For the purpose of NAS reviews, we have setup a dedicated testbed with the configuration as below. The NAS is directly connected to the testbed (using as many Cat 5E cables as there are ports on the NAS) without a switch or router inbetween. This is done in order to minimize the number of external factors which might influence the performance of the system.

NAS Benchmarking Testbed Setup
Processor Intel i5-680 CPU - 3.60GHz, 4MB Cache
Motherboard Asus P7H55D-M EVO
OS Hard Drive Seagate Barracuda XT 2 TB
Secondary Drive Kingston SSDNow 128GB
Memory G.SKILL ECO Series 2GB (1 x 2GB) SDRAM DDR3 1333 (PC3 10666) F3-10666CL7D-4GBECO CAS 7-7-7-21
PCI-E Slot Quad-Port GbE Intel ESA-I340
Optical Drives ASUS 8X Blu-ray Drive Model BC-08B1ST
Case Antec VERIS Fusion Remote Max
Power Supply Antec TruePower New TP-550 550W
Operating System Windows 7 Ultimate x64

In addition to the Realtek GbE NIC on-board the Asus P7H55D-M EVO, four more GbE ports are enabled on the system, thanks to the Intel ESA-I340 quad port GbE ethernet server adapter . With a PCI-E x4 connector, the card was plugged into the PCI-E x16 slot on the Asus motherboard.

Two of the four ports are teamed together as shown in the video below below during the benchmarking.

Intel NASPT is used to benchmark the NAS device. In order to ensure that the hard disk transfer rate is not a bottleneck, NASPT is run from the secondary drive in the testbed (the Kingston SSD). With average read and write speeds of 178.8 MB/s and 167.8 MB/s, it is unlikely that a single GbE link NAS can be limited in performance due to the test system. However, a link aggregated NAS could be affected. Fortunately, as we will see in the next few sections, this wasn't the case for the 5big storage server.

All file copy tests were also performed using the SSD. The file copy test consists of transferring a 10.7 GB Blu-Ray folder structure between the NAS and the testbed using the robocopy command in mirror mode.

There are three important sharing protocols we investigated in the course of our evaluation of the 5big storage server. In the next few sections, you will find NASPT / robocopy benchmarking results for Samba, NFS and iSCSI sharing protocols. Each section also has a small description of how the shares were set up on the NAS. The NASPT benchmarks were run in Batch mode thrice, giving us 15 distinct data points. The average of these 15 values is recorded in the graphs presented in the following sections. The robocopy benchmark was run thrice, and the average transfer rate of the three iterations is presented alongside the NASPT benchmarks.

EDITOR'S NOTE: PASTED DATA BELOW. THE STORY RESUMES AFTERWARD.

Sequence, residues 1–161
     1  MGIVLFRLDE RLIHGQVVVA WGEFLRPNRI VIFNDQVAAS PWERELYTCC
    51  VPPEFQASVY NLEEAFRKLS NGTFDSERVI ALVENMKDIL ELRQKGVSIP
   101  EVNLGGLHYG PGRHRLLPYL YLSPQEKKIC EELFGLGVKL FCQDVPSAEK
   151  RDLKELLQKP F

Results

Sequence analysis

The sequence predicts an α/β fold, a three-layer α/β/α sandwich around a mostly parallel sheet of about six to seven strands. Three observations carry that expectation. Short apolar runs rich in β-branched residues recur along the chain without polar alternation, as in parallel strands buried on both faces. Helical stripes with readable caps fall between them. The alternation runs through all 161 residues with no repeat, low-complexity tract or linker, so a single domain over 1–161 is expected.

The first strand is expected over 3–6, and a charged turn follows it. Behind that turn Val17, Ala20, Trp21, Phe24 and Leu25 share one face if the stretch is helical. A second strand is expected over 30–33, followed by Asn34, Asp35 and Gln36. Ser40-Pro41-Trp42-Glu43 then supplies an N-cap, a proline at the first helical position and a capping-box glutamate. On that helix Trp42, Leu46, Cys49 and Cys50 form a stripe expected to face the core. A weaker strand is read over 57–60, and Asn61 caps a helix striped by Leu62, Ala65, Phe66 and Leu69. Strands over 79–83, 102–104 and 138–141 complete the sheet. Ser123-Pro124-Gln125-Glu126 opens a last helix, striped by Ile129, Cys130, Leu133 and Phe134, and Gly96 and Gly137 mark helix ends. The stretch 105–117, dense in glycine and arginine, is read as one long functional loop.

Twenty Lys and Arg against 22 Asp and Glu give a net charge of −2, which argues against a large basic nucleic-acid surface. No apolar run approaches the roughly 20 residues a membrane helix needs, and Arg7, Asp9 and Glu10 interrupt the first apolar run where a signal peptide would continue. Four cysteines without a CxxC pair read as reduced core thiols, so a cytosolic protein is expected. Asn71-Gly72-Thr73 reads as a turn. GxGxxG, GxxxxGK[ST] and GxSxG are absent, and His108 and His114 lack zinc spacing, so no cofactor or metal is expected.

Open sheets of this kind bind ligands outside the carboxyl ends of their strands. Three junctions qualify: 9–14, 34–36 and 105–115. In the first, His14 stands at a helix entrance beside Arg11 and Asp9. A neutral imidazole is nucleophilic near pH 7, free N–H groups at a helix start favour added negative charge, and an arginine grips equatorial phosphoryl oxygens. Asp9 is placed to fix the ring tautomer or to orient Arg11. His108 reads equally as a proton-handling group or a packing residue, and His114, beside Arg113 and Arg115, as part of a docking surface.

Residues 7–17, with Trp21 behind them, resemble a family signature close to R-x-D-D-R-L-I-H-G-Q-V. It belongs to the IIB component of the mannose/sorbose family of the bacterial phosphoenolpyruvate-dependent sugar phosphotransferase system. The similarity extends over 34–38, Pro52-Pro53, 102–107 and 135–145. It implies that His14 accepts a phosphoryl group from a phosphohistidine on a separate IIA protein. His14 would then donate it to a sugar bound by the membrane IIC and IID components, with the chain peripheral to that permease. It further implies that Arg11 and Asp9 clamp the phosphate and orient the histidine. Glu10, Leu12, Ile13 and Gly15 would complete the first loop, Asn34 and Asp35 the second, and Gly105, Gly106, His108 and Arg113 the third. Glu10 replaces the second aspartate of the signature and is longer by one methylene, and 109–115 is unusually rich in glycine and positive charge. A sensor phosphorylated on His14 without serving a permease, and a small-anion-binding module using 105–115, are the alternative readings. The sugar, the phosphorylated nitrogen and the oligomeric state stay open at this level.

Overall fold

Unboxing and Setup Impressions SMB Performance
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  • Guspaz - Tuesday, November 9, 2010 - link

    What's with the crazy partitioning scheme? They've got 102.54GB dedicated to swap...

    It looks almost like they decided on 34.18GB system partitions, and decided to just throw the rest into swap to use up the space. They could have shrunk that to 20GB, and put four of the partitions in RAID-10, with swap on the system partition. Or they could have had four 17.09GB partitions in RAID-10 for the system, and the remaining 17.09GB partition as swap; do you really need redundancy on the swap partition?
  • LoneWolf15 - Tuesday, November 9, 2010 - link

    Are you sure that's for swap?

    I'm not sure about Server 2008, but Win7 has a partition meant to aid in recovery of the OS in case it bombs. I believe that partition is about 100MB in size. Perhaps Server 2008R2 has the same?
  • DoveOfTheSouth - Tuesday, November 9, 2010 - link

    Somerthing you didn't cover and I think is very important for a small business NAS, is automatic client backup software.
    Does the LaCie come with any? If it does, how many licences? If not, I think you should mention it - some of the competitors do.
  • ganeshts - Tuesday, November 9, 2010 - link

    I suspect not. LaCie sells a 5big Backup Server for this purpose. I will try to clarify with them (there was no explicit software for backing up clients, though you could obviously backup the server itself using an WSS 2008 option in the server manager)
  • jabber - Wednesday, November 10, 2010 - link

    For NAS boxes I use Cobian. Its the only solution simple enough for folks to get to grips with and that will easily do backups to or from a NAS box.

    So many back up apps go mental if you introduce NAS boxes. Why they should in this day and age I have no idea.

    Cobian just works.

    I think a lot of manufacturers forget this aspect. That many small businesses (1 ro 6 people) dont either have the funds to run a continuous IT support contract or want to have to call in an IT support guy every 5 minutes if they want to change something.

    With the economy the way it is, there are a lot of new small firms like this that the IT manufacturers really are not catering to and they are missing a trick.

    Cut the IT babble front ends and just let it do the simple stuff in a logical manner.
  • unblocktheplanet - Saturday, January 8, 2011 - link

    I use a Mac and I’ve always had good luck with LaCie. I want to stream my movies and music to a networked DVD player as well as using my NAS for backup.

    I’m evaluating LaCie 5big Network, Synology DS1010+ or Seagate BlackArmor 4-bay NAS 440. My needs are pretty simple.

    But then I got to SOFTWARE RAID on LaCie! Sure about that? That would be a deal-breaker for me, the cause of numerous problems on my current external storage.

    As I live in Bangkok, I don’t have the ease of returning the unit to the US for service or warranty.

    Thanks much.
  • Hrel - Thursday, January 17, 2013 - link

    Can you guys review a few of those new NAS boxes built on ARM processors please?

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